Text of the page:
Book Image

Object-Oriented JavaScript - Third Edition

By : Ved Antani, Stoyan STEFANOV
5 (1)
Book Image

Object-Oriented JavaScript - Third Edition

5 (1)
By: Ved Antani, Stoyan STEFANOV

Overview of this book

JavaScript is an object-oriented programming language that is used for website development. Web pages developed today currently follow a paradigm that has three clearly distinguishable parts: content (HTML), presentation (CSS), and behavior (JavaScript). JavaScript is one important pillar in this paradigm, and is responsible for the running of the web pages. This book will take your JavaScript skills to a new level of sophistication and get you prepared for your journey through professional web development. Updated for ES6, this book covers everything you will need to unleash the power of object-oriented programming in JavaScript while building professional web applications. The book begins with the basics of object-oriented programming in JavaScript and then gradually progresses to cover functions, objects, and prototypes, and how these concepts can be used to make your programs cleaner, more maintainable, faster, and compatible with other programs/libraries. By the end of the book, you will have learned how to incorporate object-oriented programming in your web development workflow to build professional JavaScript applications.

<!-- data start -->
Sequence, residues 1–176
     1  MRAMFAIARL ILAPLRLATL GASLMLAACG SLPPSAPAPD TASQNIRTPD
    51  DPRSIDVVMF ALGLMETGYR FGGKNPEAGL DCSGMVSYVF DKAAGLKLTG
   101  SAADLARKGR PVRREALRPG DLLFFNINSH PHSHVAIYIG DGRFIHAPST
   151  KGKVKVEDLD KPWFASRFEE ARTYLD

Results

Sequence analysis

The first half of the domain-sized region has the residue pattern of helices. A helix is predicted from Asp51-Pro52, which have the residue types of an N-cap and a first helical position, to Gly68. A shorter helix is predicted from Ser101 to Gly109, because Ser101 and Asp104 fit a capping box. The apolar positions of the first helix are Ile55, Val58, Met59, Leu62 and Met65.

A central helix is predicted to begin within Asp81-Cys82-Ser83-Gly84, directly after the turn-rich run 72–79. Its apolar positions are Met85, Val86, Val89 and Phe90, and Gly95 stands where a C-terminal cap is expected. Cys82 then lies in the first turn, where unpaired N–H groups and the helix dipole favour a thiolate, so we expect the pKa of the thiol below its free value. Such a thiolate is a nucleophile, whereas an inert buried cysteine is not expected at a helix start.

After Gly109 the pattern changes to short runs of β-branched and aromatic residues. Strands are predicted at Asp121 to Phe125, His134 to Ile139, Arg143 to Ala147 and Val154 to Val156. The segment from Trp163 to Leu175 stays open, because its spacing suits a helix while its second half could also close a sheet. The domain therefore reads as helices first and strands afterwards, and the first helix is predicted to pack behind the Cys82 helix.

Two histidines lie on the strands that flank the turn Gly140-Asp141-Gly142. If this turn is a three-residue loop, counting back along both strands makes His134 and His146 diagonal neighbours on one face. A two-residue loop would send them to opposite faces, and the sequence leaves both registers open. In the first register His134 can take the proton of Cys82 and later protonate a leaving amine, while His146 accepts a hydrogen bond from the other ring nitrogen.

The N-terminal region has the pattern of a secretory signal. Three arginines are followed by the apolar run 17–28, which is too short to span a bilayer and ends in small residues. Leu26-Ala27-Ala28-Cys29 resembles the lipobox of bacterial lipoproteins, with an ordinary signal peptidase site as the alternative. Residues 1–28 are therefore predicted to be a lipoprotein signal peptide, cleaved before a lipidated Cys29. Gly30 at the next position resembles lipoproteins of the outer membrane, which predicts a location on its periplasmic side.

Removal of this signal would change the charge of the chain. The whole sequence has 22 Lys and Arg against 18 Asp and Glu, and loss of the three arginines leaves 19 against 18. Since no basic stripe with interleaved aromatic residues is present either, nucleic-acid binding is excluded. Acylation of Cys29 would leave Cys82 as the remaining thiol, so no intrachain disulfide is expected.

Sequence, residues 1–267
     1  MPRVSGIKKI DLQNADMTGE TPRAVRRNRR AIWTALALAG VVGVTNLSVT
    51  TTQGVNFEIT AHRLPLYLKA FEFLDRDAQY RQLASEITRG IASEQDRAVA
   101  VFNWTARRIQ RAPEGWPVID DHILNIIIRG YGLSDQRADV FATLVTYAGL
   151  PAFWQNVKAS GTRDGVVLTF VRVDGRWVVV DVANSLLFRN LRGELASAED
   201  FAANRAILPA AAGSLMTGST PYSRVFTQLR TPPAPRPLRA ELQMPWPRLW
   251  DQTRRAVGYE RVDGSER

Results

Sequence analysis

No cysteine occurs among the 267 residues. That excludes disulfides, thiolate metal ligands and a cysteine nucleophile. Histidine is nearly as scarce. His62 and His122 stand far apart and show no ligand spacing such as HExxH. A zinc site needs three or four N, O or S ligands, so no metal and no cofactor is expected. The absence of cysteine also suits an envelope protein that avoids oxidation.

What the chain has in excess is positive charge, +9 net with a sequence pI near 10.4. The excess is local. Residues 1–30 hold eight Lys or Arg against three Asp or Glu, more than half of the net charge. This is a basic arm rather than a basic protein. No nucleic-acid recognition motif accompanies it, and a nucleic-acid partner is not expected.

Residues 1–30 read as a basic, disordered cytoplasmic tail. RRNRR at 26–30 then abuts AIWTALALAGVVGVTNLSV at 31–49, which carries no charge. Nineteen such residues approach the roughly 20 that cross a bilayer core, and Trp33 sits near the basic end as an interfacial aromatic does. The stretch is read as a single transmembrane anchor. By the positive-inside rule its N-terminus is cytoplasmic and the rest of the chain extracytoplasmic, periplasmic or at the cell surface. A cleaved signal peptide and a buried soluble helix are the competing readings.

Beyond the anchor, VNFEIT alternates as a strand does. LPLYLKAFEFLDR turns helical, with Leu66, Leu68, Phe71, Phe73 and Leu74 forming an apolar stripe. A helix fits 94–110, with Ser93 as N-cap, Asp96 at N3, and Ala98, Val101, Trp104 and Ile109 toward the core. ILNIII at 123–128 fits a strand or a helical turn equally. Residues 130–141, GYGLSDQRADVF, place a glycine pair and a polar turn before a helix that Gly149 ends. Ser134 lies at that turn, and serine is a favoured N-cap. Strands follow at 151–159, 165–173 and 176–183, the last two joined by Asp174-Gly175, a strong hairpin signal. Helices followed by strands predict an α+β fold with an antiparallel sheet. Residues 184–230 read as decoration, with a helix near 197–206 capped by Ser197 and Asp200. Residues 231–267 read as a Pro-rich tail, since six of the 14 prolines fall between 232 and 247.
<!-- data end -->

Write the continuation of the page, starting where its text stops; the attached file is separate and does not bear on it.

Table of Contents (25 chapters)
Object-Oriented JavaScript - Third Edition
About the Authors
About the Reviewer
Customer Feedback
Built-in Functions
Regular Expressions

Deep copy

The extendCopy() function discussed previously creates what is called a shallow copy of an object, just like extend2() before that. The opposite of a shallow copy would be, naturally, a deep copy. As discussed previously (in the Heads-up when copying by reference section of this chapter), when you copy objects, you only copy pointers to the location in memory where the object is stored. This is what happens in a shallow copy. If you modify an object in the copy, you also modify the original. The deep copy avoids this problem.

The deep copy is implemented in the same way as the shallow copy-you loop through the properties and copy them one by one. However, when you encounter a property that points to an object, you call the deepcopy function again:

    function deepCopy(p, c) { 
      c = c || {}; 
      for (var i in p) { 
        if (p.hasOwnProperty(i)) { 
          if (typeof p[i] === 'object') { 
            c[i] = Array.isArray(p[i]) ? [] : {};